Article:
From the Publisher
Undertaking extensive research for this book, Ian Peel interviewed many of McCartney's intimate musical associates from this less-familiar side of his career, including:
Super Furry Animals - on their carrot chewing percussion and electronic sound collage collaborations.
Youth - the three-times BRIT-nominated producer speaks in depth for the first time ever on his two albums of techno ambient and chill-out recorded with McCartney as The Fireman.
Nitin Sawhney - on McCartney's first tentative steps into drum & bass, holed up in Sawhney's London bedsit.
Richard Hewson - breaks a 20-year silence on the Thrillington project and pseudonym.
David Vaughan - the renowned psychedelic artist and organiser of 60s 'happenings' airs his strong views on Carnival of Light, The Beatles' most legendary unreleased track.
Other interviewees include Yoko Ono, bassist Herbie Flowers, Gong's Daevid Allen, Frank Zappa's guitarist Mike Keneally, JJ Jeczalik (Art of Noise) and members of Wings.
From the Author
The book covers all eras of McCartney's creative life:
1960s: This is the first McCartney/Beatles book to examine in detail the avant-garde influences that weighed into their music, examining artists such as John Cage, Karlheinz Stockhausen, the late Delia Derbyshire and the BBC Radiophonic Workshop and Max V. Matthews (who made the first ever computer music in 1957). To say nothing of Ray Cathode (George Martin's electronica alter ego).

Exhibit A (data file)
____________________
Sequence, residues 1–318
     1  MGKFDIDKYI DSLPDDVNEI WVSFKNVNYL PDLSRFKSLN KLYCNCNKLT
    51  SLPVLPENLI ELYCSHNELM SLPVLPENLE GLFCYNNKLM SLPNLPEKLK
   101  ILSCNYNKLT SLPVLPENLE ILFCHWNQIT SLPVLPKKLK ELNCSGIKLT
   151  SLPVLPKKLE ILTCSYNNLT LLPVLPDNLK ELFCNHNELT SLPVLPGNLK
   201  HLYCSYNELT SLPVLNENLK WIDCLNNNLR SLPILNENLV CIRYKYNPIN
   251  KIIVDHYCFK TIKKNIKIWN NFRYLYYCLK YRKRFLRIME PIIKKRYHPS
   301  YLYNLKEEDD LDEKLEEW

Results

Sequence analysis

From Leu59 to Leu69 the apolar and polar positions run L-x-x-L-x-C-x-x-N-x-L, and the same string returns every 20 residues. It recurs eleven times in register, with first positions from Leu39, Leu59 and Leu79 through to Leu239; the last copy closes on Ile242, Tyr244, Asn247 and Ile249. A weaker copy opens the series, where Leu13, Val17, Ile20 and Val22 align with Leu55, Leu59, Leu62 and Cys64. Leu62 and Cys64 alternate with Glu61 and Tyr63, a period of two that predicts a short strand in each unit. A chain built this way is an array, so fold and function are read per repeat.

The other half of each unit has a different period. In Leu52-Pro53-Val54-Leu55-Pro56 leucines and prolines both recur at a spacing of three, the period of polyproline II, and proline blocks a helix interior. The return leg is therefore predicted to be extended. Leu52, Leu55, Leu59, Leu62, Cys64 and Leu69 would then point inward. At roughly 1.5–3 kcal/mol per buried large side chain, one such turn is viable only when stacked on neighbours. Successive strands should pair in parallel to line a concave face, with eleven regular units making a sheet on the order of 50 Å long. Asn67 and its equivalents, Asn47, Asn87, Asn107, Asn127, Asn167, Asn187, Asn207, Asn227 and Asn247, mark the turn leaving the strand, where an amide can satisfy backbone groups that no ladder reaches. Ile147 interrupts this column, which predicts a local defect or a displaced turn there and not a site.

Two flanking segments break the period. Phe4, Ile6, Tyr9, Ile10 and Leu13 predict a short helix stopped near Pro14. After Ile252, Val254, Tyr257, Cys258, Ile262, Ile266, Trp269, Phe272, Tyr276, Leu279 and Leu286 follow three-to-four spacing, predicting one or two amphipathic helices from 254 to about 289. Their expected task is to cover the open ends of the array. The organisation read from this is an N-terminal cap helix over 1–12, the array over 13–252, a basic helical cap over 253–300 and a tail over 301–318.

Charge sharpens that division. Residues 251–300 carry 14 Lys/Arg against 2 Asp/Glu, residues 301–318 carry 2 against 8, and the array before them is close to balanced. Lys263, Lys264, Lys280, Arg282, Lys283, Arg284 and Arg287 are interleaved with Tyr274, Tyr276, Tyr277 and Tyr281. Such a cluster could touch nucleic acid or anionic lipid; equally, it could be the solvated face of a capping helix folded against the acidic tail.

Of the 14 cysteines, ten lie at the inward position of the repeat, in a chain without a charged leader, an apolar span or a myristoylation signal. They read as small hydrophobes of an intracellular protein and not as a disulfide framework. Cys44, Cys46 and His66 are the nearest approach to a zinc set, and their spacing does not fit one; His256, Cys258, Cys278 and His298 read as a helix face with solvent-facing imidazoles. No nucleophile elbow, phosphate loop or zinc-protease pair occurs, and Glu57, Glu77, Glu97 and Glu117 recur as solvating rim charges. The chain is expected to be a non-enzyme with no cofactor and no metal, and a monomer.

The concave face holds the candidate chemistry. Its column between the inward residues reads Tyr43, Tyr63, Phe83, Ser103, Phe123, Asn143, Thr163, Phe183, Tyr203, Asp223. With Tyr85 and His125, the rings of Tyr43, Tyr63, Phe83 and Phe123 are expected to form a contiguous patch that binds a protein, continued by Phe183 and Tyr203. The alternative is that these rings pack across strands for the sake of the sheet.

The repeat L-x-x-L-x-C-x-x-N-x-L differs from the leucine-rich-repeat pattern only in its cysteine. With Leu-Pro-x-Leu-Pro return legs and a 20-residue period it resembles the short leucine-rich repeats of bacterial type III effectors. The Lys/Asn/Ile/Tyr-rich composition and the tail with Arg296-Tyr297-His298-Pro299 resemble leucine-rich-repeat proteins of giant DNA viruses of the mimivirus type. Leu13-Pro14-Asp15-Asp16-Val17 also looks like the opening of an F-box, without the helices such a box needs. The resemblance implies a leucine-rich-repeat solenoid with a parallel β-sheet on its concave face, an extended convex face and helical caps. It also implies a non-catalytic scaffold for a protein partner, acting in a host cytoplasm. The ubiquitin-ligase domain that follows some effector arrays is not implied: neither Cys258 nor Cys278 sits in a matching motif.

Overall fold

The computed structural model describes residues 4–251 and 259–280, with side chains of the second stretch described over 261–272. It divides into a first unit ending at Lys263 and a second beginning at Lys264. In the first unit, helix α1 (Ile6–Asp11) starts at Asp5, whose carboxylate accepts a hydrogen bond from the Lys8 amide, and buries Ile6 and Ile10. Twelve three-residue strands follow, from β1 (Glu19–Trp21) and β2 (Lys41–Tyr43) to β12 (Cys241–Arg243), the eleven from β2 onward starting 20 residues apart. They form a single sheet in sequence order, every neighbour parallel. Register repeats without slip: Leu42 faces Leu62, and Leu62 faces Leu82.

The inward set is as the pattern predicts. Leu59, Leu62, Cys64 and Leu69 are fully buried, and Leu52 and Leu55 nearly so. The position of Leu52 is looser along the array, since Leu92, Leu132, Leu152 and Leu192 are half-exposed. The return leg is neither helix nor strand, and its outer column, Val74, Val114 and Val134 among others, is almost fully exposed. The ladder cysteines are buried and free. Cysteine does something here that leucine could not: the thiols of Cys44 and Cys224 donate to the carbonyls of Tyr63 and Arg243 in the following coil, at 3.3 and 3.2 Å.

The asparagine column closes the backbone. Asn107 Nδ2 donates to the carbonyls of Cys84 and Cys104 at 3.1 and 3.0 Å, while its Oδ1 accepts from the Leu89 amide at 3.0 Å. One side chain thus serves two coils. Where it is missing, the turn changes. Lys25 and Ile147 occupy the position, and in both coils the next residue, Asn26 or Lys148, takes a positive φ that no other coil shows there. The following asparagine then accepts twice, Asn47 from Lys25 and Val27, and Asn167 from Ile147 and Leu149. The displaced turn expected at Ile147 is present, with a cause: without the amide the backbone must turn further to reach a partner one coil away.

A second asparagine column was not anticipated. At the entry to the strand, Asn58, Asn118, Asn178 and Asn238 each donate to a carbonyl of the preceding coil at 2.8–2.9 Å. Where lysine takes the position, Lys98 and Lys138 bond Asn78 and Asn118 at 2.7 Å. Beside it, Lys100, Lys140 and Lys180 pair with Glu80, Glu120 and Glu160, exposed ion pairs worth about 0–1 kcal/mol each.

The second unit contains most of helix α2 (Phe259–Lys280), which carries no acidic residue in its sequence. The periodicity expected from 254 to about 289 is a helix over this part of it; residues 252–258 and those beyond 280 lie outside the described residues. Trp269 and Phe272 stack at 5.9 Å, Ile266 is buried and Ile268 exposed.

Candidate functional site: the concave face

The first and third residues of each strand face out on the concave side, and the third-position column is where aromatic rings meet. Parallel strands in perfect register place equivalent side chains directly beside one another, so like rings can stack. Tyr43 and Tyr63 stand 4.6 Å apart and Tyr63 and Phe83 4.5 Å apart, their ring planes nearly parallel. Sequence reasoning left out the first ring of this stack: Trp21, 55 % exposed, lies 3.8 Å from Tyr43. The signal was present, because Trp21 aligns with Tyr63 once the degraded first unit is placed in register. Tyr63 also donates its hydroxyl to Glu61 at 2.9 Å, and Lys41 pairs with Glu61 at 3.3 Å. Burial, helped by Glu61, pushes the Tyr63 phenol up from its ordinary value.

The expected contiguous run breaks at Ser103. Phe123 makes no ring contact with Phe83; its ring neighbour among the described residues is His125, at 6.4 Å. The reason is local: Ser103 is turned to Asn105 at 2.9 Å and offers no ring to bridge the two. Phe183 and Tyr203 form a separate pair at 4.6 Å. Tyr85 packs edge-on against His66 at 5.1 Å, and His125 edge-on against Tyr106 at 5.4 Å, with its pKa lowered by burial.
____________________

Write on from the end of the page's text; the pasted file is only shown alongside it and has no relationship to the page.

The Unknown Paul McCartney also looks at how the influence of these early 20th century composers resonates across modern pop music as a whole.
1970s: I look above the mullets and drug busts and examine the more credible side of McCartney's music in the 1970s. The work of Percy 'Thrills' Thrillington - his bizarre easy listening alter ego - comes under the microscope for its most detailed analysis to date. Wings guitarist Laurence Juber tells of freaking out David Bowie with radio/dialogue/funk jams. The avant-garde act of vegetable chewing in a Brian Wilson/Beach Boys session also comes out of the hazy mists of time.
1980s: Although critically his most reviled period to date, the '80s saw McCartney begin to play with synthesizers, samplers and remixes. While tracing the story of a Beatles' first faltering steps into 12" singles and New York clubs, I find time for one of the most in-depth histories of remix culture ever to appear in print.
1990s: It may not get covered in the mainstream press but the 90s have been McCartney's most avant-garde period to date. I cover his secret jam sessions with Yoko Ono, ambient sound collage with the Super Furry Animals, pure white noise and chainsaw recordings for an art gallery installation, and guitar/poetry performance with Allen Ginsberg.